Society of Chemical Industry

The Society of Chemical Industry (SCI) is a learned society set up in 1881 "to further the application of chemistry and related sciences for the public benefit".[2]

Society of Chemical Industry
Formation1881 (1881)
TypeLearned society
HeadquartersLondon
Location
  • United Kingdom
Official language
English
President
Neil Carson[1]
Websitewww.soci.org

OfficesEdit

The Society's headquarters is in Belgrave Square, London. There are semi-independent branches in the United States, Canada and Australia.

AimsEdit

The Society aims to accelerate the rate of scientific innovations being commercialised by industry to benefit society. It does this through promoting collaborations between scientists and industrialists, running technical and innovation conferences, building communities across academia and industry and publishing scientific content through its journals and digital platforms.

It also promotes science education.[3]

HistoryEdit

On 21 November 1879, Lancashire chemist John Hargreaves canvassed a meeting of chemists and managers in Widnes, St Helens and Runcorn to consider the formation of a chemical society. Modelled on the successful Tyne Chemical Society already operating in Newcastle, the newly proposed South Lancashire Chemical Society held its first meeting on 29 January 1880 in Liverpool, with the eminent industrial chemist and soda manufacturer Ludwig Mond presiding.

It was quickly decided that the Society should not be limited to just the local region and the title 'the Society of Chemical Industry’ was finally settled upon at a meeting in London on 4 April 1881, as being 'more inclusive'. Held at the offices of the Chemical Society, now the headquarters of the Royal Society of Chemistry, in Burlington House, this meeting was presided over by Henry Roscoe, appointed first president of SCI,[4] and attended by Eustace Carey, Ludwig Mond, FA Abel, Lowthian Bell, William H Perkin, Walter Weldon, Edward Rider Cook, Thomas Tyrer and George E Davis; all prominent scientists, industrialists and MPs of the time.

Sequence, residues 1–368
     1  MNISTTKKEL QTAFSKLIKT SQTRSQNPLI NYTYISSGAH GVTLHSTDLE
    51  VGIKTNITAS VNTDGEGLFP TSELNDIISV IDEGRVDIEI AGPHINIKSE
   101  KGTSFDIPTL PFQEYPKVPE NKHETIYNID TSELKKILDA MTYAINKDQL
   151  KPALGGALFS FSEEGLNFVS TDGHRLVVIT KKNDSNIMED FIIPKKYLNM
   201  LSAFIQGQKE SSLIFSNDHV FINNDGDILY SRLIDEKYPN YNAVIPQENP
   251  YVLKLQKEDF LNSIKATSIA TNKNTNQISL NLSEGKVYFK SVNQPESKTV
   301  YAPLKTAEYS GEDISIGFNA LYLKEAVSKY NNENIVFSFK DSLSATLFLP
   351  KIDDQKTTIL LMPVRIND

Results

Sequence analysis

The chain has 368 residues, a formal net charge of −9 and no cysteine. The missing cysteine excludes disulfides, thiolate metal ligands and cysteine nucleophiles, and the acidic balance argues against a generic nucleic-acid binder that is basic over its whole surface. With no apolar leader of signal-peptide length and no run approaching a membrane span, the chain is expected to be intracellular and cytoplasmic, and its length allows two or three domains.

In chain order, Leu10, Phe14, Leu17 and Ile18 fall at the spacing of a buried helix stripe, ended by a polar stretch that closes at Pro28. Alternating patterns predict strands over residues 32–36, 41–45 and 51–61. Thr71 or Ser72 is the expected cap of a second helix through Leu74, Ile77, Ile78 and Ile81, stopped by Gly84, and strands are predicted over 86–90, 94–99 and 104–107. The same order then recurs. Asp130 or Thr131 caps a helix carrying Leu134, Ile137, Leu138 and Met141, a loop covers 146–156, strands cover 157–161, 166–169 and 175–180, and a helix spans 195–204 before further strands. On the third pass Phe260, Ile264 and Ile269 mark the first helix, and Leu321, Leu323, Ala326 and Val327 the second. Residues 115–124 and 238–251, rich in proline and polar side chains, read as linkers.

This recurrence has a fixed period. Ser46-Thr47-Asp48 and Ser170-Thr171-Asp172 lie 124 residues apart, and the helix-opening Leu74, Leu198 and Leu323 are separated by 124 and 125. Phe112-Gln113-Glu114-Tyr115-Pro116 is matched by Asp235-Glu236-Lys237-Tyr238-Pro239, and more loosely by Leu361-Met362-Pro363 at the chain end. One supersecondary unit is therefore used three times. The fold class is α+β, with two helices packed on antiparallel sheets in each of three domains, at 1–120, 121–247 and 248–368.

The Society grew rapidly, launching international and regional sections. In 1881 Ivan Levinstein was a founder of the Manchester Section of the Society of Chemical Industry, later following Sir Henry Roscoe as chair of the Section. Levinstein also served as President of the Society of Chemical Industry between 1901 and 1903.[5]

Prominent early members included William Lever, George Matthey, Ludwig Mond, Henry Armstrong, Leo Baekeland, Rudolph Messel, Charles Tennant, Richard Seligman, Ferdinand Hurter and Marie Stopes.

MembershipEdit

The original membership fee was very steep for the time: The first subscription fee was set at one guinea, which would be equivalent to nearly £400 today. Four grades of membership were agreed at the time: member, associate, student and honorary, with most appointments made on the basis of a review of their 'eligibility' by the SCI council. Despite the high fee, by the time of the first official meeting of the Society of Chemical Industry in June 1881, it had attracted over 300 members.

IncorporationEdit

An Extraordinary General Meeting was held on 27 March 1906, under the direction of president Edward Divers and secretary C. G. Cresswell, to discuss a motion to apply for incorporation under a royal charter. The resolution was formally proposed by Sir (Thomas) Boverton Redwood. After some discussion, the motion was unanimously supported.[6] The Society was formally incorporated, by Royal Charter, as of 17 June 1907, and its bylaws were published in the Journal of the Society of Chemical Industry. By that time, it had expanded to include a number of satellite chapters, including Canada, New South Wales, New York and New England as well as locations within Great Britain.[7]

HeadquartersEdit